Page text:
Home Sea Shepherd’s history
Sea Shepherd’s history
Written by Dave Rideough   



Paul Watson is born in New Brunswick, Canada.[1]


At the age of nine, Paul has already begun a lifelong career of crime: after having found a beaver caught in a leg-hold trap, he steals and destroys hunters’ traps and disrupts deer and duck hunting activities.[1]

1968 - Early 1970s

Watson begins a tentative maritime career, serving as a crewman with the Canadian Coast Guard.[1]


Watson joins an anti-nuclear protest with members of the Sierra Club at the US-Canada border. Some participants of this protest go on to form the Don’t Make A Wave Committee, which in turn eventually becomes Greenpeace, leading to Watson’s claim of being one of its founders.[1]


Watson is an active member of Greenpeace and sits on its board of directors.[1]


Watson helps organize Greenpeace’s first anti-whaling campaign.[1]


Watson’s egotism and violent tendencies have become a serious concern. Greenpeace’s board of directors votes to expel him. The result is 11-to-1 in favour, with Watson himself being the only vote against.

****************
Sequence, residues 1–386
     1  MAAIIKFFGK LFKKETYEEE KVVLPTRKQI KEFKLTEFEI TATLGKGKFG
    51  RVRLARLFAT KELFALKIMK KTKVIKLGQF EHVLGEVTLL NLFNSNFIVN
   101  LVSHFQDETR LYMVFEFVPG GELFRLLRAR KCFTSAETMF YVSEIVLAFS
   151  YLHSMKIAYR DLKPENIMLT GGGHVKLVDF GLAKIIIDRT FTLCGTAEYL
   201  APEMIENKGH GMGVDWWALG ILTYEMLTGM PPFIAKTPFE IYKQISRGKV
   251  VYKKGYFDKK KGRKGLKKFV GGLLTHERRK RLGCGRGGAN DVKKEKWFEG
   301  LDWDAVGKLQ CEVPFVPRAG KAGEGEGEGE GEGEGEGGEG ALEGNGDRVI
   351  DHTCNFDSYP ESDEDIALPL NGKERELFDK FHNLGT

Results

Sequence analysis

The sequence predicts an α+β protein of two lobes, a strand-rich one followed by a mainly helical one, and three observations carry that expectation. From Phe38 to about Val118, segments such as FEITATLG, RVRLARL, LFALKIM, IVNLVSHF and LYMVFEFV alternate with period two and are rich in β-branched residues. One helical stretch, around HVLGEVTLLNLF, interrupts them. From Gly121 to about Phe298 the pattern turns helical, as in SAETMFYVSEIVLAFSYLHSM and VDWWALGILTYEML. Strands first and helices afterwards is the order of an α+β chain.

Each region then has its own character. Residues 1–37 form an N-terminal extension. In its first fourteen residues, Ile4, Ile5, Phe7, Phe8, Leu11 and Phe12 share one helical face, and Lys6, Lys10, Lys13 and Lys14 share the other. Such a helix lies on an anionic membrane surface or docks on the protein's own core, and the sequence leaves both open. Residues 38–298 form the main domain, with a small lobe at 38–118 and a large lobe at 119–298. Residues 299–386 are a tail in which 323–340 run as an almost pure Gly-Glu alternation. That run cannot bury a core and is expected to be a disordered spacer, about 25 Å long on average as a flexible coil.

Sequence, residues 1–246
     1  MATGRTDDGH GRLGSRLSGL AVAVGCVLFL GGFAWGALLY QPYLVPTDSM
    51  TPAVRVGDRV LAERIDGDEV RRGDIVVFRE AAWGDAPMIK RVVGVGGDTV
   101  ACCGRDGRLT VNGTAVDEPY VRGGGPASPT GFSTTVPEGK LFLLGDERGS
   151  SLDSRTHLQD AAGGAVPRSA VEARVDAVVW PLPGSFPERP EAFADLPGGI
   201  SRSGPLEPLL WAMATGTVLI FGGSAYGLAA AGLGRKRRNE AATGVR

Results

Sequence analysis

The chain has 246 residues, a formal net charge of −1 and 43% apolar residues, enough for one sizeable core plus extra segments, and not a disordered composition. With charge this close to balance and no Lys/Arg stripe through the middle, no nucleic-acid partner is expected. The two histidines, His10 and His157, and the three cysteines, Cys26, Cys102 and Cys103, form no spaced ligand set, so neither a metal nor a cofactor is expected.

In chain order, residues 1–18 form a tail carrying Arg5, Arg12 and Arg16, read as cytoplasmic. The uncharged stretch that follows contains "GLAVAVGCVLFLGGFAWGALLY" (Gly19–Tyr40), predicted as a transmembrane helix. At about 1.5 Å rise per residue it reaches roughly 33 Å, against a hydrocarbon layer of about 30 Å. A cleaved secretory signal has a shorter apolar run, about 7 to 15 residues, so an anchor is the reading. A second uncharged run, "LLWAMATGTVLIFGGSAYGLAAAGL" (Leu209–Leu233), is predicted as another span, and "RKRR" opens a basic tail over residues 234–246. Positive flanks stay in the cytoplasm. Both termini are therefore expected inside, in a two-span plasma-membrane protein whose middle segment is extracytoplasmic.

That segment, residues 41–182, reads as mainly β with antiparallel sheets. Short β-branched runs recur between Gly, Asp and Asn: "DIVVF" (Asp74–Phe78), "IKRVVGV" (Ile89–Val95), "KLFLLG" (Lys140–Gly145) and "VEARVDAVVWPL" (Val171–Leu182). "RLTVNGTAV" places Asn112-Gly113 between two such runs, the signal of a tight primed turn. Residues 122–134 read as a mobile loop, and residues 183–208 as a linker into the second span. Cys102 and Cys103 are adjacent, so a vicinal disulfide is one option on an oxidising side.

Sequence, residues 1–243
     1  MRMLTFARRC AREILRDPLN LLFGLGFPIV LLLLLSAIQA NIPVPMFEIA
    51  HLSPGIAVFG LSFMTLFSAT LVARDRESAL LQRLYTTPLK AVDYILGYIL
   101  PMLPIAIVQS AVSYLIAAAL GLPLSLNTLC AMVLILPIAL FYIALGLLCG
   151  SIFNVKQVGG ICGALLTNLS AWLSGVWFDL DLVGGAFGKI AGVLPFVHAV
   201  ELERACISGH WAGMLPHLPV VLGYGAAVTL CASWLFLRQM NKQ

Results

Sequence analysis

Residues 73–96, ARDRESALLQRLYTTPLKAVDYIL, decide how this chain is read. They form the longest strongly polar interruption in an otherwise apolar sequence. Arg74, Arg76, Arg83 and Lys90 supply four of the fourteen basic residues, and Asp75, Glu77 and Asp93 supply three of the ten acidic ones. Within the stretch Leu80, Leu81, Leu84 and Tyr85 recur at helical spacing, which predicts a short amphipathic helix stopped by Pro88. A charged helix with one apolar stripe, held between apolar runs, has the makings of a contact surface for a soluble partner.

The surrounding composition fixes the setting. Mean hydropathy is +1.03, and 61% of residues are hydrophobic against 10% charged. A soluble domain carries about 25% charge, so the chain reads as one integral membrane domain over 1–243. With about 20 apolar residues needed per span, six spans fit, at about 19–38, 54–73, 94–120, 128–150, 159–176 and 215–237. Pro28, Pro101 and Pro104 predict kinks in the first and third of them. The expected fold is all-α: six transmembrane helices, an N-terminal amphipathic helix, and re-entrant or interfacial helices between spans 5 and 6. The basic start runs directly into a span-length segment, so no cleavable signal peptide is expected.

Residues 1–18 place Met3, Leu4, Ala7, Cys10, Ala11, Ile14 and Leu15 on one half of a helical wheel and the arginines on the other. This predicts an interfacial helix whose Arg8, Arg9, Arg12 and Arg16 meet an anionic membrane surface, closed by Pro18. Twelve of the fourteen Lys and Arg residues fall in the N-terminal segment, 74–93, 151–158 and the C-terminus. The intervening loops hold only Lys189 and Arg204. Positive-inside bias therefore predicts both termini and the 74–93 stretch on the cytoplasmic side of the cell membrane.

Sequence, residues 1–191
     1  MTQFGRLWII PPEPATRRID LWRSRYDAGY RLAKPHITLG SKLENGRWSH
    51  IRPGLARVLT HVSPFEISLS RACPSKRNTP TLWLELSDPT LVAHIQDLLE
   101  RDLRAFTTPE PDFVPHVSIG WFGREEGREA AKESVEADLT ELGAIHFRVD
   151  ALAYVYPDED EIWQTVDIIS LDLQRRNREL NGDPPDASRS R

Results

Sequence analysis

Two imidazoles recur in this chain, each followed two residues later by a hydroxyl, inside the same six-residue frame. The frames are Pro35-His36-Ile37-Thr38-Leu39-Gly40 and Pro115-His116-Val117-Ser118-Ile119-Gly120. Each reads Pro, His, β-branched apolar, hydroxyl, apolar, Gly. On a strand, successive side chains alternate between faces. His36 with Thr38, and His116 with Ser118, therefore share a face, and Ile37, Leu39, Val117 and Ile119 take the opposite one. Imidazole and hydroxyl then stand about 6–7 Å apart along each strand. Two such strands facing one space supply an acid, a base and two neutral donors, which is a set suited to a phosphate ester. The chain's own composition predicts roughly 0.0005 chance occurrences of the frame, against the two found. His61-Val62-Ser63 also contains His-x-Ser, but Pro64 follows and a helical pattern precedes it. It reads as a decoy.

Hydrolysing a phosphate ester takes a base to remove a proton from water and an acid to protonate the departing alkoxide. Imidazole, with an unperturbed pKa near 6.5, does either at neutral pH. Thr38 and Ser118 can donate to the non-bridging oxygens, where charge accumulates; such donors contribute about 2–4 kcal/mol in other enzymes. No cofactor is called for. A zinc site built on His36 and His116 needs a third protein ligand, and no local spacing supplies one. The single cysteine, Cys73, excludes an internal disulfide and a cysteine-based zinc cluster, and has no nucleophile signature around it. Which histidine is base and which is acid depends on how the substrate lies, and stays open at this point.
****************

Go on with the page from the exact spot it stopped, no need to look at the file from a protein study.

After being thrown off of the board of directors, Watson quits Greenpeace altogether and founds Sea Shepherd.[2]


With financial assistance from the Fund for Animals, Watson purchases a British fishing trawler and names it the Sea Shepherd.[3]

In an interview on CBC Radio, Watson criticizes Greenpeace’s campaigns against the Canadian seal hunt. He makes a firm point that the harp seal is not endangered and that Greenpeace is exploiting its cuteness just to make money, to the detriment of species that actually need their attention.


Despite his cynicism toward anti-sealing campaigns, Watson directs Sea Shepherd’s first ever direct action campaign against the Canadian seal hunt.[4]

Watson has the bow of the Sea Shepherd filled with tonnes of concrete and rams the Cyprian whaling ship Sierra off the coast of Portugal. The Sierra is severely damaged, but her captain manages to radio for help and get her back to port. The Sea Shepherd is intercepted and seized by the Portuguese Navy. Later the same year, hearing that she will be sold for scrap to compensate the owners of the Sierra, Watson has engineer Peter Woof sneak aboard the Sea Shepherd and scuttle her.[5][6][7]


Sea Shepherd activists sink the Sierra at port in Lisbon with limpet mines.[8]

Sea Shepherd buys another fishing trawler and names it the Sea Shepherd II.[3]